Armchair Book Club: House of Names is a good fall book club choice

House of Names is a great tale by one of the best writers in the English language

House of Names is a perfect choice for a fall book club discussion.

And, that’s in part due to the fact that it’s less than perfect. Colm Toibin, one of Ireland’s most celebrated writers, has reimagined the ancient Greek myth of Agememnon and Clytemnestra.

If you haven’t come across famous versions of this story by Aeschylus or Euripides, you’ll no doubt be familiar with it from Homer — Agememnon is the Greek king who sails to Troy to recover the famously beautiful Helen.

The opening scenes of Toibin’s retelling are fantastic. Agememnon sends a message to his wife requesting her to bring his daughter Iphegenia to him on the battlefield. Clytemnestra is overjoyed. After all, Agememnon has told her he wants his daughter to be married to the great Achilles.

After a long journey to the battlefields, Clytemnestra learns the truth: Agememnon has tricked her. He doesn’t want to marry off his daughter, he plans to sacrifice her to appease the gods, and allow him to sail to Troy. Clytemnestra is enraged.

It’s difficult to reach back across the ages and understand people’s desires and motives. I think trying to comprehend this violent culture is what drives Toibin to write this book. By getting inside the heads and hearts of these characters, he speculates as to how a society could be set up so that killing and murder make sense.

Toibin starts strong, but by the mid-section of the tale, when he begins to create entirely new histories for characters such as Orestes, the motives for his characters become less believable. This is a small complaint, however.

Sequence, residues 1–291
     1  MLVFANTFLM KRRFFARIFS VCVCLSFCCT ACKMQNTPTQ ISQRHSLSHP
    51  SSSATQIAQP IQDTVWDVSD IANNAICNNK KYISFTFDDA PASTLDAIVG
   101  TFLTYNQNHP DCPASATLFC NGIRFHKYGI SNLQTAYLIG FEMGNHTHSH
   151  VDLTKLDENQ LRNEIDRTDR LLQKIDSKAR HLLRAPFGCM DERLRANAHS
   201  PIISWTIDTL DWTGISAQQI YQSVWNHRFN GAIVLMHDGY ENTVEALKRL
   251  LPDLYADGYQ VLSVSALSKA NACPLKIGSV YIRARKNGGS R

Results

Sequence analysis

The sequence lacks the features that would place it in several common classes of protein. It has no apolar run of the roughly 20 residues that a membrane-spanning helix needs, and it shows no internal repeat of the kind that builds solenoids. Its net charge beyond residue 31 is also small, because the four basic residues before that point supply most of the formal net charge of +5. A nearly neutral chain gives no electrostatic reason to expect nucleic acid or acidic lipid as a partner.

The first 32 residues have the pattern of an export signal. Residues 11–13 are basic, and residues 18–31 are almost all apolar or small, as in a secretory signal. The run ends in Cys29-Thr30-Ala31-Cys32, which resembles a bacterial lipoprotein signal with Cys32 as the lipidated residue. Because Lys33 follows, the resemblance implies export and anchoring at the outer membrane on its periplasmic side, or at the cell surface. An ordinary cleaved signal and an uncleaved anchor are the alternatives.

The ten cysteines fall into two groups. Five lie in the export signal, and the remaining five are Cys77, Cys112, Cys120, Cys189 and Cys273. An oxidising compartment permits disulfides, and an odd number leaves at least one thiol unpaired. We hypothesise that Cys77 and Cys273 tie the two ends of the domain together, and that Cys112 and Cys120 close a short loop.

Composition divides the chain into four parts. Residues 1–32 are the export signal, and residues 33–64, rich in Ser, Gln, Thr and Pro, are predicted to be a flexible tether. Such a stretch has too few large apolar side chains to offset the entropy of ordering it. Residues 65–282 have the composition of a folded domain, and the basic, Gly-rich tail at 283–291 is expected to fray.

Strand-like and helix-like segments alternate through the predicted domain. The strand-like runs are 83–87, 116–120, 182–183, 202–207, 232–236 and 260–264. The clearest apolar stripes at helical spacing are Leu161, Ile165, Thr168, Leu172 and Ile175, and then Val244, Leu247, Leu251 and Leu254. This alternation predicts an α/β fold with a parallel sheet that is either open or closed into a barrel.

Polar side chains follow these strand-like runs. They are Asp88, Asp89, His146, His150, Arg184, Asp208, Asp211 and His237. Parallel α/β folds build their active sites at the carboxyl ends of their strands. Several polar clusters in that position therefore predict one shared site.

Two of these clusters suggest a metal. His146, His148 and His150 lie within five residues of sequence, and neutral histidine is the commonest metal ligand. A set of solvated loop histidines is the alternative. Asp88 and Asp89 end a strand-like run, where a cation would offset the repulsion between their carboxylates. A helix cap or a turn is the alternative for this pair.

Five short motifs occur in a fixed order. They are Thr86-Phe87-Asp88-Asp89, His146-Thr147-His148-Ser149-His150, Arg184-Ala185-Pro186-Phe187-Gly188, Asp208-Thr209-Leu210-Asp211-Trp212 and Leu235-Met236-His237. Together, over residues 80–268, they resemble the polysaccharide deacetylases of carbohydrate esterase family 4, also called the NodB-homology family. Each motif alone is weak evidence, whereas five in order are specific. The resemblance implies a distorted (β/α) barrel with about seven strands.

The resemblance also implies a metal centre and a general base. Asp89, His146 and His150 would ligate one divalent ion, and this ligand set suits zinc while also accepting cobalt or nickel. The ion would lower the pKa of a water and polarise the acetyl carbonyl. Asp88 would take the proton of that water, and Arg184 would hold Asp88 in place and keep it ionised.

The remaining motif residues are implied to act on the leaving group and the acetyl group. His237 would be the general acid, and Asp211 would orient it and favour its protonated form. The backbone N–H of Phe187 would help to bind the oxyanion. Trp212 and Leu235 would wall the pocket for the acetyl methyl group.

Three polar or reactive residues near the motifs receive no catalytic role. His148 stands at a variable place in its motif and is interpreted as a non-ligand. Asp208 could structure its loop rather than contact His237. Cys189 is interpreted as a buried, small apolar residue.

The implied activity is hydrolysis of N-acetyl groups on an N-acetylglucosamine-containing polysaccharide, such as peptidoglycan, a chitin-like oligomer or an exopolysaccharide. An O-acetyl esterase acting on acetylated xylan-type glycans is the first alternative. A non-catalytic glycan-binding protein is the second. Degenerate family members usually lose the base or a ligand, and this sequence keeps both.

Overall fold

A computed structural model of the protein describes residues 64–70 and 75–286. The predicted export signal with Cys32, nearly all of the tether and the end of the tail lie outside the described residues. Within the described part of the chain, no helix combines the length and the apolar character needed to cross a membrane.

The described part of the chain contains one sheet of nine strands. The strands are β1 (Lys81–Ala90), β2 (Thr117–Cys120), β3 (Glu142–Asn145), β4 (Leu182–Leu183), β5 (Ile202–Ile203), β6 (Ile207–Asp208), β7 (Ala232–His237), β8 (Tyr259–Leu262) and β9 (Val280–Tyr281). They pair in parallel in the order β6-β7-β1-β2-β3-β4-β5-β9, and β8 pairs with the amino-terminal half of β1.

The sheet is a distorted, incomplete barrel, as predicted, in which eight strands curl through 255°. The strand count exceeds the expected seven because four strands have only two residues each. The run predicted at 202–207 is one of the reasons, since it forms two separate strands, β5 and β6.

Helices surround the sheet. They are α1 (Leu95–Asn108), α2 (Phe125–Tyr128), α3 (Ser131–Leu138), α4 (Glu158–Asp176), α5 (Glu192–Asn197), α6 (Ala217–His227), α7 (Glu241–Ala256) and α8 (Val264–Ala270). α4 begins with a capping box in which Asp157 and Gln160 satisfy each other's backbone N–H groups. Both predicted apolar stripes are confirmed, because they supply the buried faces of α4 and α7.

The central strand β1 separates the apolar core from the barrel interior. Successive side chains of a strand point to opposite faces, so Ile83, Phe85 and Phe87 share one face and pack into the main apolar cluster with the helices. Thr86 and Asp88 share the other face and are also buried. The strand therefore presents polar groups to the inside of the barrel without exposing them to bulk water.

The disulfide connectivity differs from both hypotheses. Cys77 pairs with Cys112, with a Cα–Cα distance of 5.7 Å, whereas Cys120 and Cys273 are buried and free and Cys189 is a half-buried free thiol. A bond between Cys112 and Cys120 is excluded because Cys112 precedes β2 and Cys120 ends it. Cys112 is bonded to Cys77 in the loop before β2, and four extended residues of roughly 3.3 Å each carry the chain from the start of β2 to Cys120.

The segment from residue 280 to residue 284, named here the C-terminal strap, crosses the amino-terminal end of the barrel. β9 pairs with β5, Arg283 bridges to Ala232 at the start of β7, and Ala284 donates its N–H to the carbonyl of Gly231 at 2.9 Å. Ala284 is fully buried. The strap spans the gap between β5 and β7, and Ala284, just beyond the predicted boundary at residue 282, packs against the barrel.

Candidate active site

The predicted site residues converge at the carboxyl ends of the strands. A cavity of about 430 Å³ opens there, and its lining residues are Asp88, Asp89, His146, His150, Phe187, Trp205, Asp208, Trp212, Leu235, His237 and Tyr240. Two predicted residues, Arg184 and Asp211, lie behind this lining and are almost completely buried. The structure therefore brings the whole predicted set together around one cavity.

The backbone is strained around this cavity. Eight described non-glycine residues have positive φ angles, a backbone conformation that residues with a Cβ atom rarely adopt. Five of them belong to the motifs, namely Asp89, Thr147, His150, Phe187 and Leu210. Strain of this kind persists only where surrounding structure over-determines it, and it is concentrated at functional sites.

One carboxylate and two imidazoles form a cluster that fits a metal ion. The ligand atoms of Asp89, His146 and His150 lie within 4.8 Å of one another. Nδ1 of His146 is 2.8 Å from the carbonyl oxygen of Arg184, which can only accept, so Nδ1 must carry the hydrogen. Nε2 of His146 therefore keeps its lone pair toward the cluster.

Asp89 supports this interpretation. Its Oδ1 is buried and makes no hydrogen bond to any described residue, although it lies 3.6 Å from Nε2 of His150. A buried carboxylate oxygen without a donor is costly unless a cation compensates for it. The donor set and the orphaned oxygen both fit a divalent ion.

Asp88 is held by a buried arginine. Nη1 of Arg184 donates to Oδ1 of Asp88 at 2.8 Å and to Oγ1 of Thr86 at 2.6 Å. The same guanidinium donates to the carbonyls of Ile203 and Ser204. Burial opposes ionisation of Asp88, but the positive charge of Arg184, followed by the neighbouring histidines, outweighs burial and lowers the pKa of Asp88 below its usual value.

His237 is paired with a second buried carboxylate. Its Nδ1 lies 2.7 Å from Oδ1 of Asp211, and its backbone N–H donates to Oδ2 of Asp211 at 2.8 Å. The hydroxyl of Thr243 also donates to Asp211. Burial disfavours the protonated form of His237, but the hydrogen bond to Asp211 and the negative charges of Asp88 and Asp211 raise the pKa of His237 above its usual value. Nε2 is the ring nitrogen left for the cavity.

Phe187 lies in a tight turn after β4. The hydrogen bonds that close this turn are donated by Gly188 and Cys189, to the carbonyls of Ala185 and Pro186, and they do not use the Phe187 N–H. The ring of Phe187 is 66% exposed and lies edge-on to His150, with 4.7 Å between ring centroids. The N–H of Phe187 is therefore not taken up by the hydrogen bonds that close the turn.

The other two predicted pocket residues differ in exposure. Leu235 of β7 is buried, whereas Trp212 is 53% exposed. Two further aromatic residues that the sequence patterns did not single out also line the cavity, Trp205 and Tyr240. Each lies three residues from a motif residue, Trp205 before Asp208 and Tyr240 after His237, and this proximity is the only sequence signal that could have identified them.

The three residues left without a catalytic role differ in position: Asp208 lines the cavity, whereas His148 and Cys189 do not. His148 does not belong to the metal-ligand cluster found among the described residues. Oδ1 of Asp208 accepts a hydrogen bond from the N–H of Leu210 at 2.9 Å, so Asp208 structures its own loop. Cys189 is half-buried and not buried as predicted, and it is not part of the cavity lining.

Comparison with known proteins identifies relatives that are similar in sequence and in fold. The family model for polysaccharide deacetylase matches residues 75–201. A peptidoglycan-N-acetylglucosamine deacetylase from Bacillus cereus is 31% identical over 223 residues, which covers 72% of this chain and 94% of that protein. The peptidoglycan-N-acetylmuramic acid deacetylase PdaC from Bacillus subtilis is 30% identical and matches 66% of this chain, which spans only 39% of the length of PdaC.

House of Names is a great tale by one of the best writers in the English language. I might have expected it to be the best book of 2017, but with characters such as Electra less compelling than they could have been, it’s not quite there. That is, it’s not perfect. But, close enough to keep me reading.

On another note, a reader of this column, Editha Flossmann has just released a memoir called Uncharted Waters: The Life and Loves of Emily Fahrmann, an Austrian Landlady’s Daughter. It’s a thorough and cathartic narrative. For those interested, it can be purchased on

Heather Allen is an avid reader and book reviewer for the Penticton Western News.

Just Posted

Recovery centre operator said neighbours bought property ‘in haste’

Penticton addiction recovery centre plan halted by neighbours

Meningococcal disease outbreak declared in Okanagan

Five cases in last six months among 15-to-19 year-olds, including one in Coldstream

Crash blocks Channel Parkway

Northbound was completely blocked, while southbound traffic was reduced to single lane

Attempted carjacking at Penticton mall

A 24-year-old man is in custody, while a 37-year-old woman was uninjured by the incident

Fundraising effort for man assaulted at Penticton nightclub

A GoFundMe account was created to assist the Penticton man that was assaulted

Video: En’owkin project gets $20,000 boost

The En’owkin Centre on the Penticton Indian Reserve is working to restore culture and habitat

Debt-to-household-income ratio rises in third quarter

Total household credit market debt grew to $2.11 trillion in the third quarter

Charges in car wash shooting stalled

Court waits for police watchdog report on Salmon Arm incident.

Oz brings down the house

Laughter flies like house in a tornado at Cawston Players Wizard of Oz

B.C. Mountie told to resign after texting teenage sex assault victim

RCMP documents say Const. Brian Eden sent sexually inappropriate photos to 17-year-old girl

Family doctors should learn to treat addiction, not shun patients: scientist

B.C. Centre on Substance Use’s Dr. Evan Wood said efforts underway to change addiction medicine image

Four dog deaths investigated in Cranbrook

One vet suggests a parallel to these deaths and similar ones in 2016

Province rejects Ajax mine in Kamloops

KGHM Ajax had proposed a 1,700-hectare open-pit copper and gold mine, just southwest of Kamloops

Border officers rally at B.C.’s Peace Arch

CBSA employees tire of ‘lack of respect’

Most Read